The self-description of sociology has shifted in two ways. First, sociology can attempt to reflect itself as part of another sub-system, similar to the way it dealt with the positivism conflict concerning the political system of society. However, this approach is less favored today.

The second approach is for sociology to understand itself as an integral part of society or engage in the dynamics of society directly. Many sociologists have ventured into global time diagnoses, which have become a central point of reflection for sociology. This shift places more emphasis on reflecting the concepts of the overall society when commenting on the field of sociology.

Sociology faces challenges in the context of time diagnoses. The debates surrounding concepts like the industrial society, information society, or risk society have sparked controversies about whether sociology can contribute to understanding and defining these terms. While some sociologists embrace these concepts, others argue that they conflict with the traditional concerns of the field.


Time diagnoses often lead to the oversimplification and misinterpretation of sociological concepts when they are communicated through mass media. Individualization is an example where sociological nuances can be lost in mass media, leading to misunderstandings.

Sociology should not entirely withdraw from the self-description of society but rather work on enhancing its relationship with time diagnoses and reflect the unique contribution of sociology to understanding contemporary societal issues. This way, sociology can maintain its role in shaping the understanding of modern society while respecting its boundaries and the complexities of its theories.


The self-description of sociology is structured around the alternative of whether it should contribute to the self-description of other social entities or not. Sociology could relatively easily distance itself from law, politics, and economics, as it’s affilliated with the science of society. But distancing from the self-description of science itself is more challenging because sociology is inherently connected to scientific discourse.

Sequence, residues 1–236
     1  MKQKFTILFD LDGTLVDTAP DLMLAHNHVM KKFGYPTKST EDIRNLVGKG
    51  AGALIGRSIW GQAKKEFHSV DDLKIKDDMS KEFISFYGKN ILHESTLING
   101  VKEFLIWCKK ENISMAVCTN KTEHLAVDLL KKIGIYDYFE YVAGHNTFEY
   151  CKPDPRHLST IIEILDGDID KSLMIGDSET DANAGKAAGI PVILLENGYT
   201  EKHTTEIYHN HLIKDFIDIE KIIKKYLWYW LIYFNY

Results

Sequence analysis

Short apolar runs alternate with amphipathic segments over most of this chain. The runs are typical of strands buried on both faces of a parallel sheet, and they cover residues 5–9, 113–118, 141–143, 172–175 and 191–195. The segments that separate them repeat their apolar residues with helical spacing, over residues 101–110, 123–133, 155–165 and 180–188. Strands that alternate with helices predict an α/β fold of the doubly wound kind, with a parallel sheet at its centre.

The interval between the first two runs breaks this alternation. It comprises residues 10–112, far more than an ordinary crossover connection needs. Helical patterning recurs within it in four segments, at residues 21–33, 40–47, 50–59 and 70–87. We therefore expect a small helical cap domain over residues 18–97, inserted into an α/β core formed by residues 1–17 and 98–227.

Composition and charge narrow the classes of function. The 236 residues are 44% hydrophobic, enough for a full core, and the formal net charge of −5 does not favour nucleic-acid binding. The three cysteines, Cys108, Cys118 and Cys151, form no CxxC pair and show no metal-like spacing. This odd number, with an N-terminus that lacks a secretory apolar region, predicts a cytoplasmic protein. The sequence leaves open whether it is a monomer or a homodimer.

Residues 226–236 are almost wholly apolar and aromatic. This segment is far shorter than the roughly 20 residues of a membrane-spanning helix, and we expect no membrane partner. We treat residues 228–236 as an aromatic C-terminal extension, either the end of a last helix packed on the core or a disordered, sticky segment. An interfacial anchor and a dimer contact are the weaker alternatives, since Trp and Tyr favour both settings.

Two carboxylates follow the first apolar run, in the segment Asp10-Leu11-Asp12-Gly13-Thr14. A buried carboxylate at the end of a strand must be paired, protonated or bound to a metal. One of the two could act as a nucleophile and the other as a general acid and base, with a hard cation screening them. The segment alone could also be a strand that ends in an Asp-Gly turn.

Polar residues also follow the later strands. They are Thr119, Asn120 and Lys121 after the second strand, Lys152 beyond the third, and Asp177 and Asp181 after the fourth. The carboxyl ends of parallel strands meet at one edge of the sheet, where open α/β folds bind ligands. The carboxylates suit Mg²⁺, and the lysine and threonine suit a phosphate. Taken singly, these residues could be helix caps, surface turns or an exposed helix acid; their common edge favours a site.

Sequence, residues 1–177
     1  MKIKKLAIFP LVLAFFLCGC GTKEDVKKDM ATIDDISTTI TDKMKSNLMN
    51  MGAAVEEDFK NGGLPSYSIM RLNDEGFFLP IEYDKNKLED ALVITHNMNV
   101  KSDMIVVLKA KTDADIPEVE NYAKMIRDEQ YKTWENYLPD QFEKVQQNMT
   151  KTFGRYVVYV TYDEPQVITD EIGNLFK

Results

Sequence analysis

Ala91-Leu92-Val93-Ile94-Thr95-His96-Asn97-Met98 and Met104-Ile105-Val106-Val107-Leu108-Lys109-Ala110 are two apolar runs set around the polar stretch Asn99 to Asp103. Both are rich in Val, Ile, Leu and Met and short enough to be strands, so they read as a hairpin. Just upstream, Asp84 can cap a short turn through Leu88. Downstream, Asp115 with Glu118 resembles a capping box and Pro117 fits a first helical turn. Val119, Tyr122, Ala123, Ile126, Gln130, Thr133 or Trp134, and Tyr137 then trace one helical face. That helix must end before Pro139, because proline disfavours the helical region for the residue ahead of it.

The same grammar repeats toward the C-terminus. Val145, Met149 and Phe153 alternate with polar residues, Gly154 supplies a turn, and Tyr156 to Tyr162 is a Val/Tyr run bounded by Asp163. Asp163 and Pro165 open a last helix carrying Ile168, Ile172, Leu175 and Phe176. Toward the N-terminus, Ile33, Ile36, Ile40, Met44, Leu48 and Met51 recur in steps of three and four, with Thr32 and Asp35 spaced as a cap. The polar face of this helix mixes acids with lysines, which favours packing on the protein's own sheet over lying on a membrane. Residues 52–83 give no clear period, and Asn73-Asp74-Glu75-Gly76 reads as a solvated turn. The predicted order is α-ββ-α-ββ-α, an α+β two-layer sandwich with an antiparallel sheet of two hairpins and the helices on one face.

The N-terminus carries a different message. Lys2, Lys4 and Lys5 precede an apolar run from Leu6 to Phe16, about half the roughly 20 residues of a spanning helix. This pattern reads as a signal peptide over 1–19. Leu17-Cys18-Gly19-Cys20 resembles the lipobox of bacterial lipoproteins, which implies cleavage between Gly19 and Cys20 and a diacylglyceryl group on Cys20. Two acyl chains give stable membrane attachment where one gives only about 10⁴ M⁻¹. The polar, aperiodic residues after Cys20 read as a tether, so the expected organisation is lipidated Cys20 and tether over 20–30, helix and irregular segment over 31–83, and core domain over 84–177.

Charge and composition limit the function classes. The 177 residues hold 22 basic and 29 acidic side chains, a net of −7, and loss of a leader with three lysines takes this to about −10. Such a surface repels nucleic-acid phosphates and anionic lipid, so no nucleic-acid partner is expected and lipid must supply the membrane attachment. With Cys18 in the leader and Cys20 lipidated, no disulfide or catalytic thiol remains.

Is it even possible for sociology to abstain from contributing to the self-description of modern society, particularly in the context of time diagnoses? This dilemma raises concerns about whether sociology should give up on both time diagnoses and sociological theory. These are complex questions that do not have a uniform answer when it comes to sociology's relationship with self-descriptions of other systems.

The proposed concept provides the advantage that sociology does not need to have a consistent answer to its relationship with the self-descriptions of other systems. The response can vary depending on the specific system in question. In relation to society, sociology might find it challenging to avoid contributing to its self-descriptions but is not compelled to participate in self-descriptions of other sub-systems. This realization does not necessarily imply that sociology must engage with the self-descriptions of various societal sub-systems.


Kieserling, A. (1999), Die Selbstbeschreibung der Soziologie, in: Soziale Welt, 50. Jahrg., H. 4 (1999), pp. 395-412.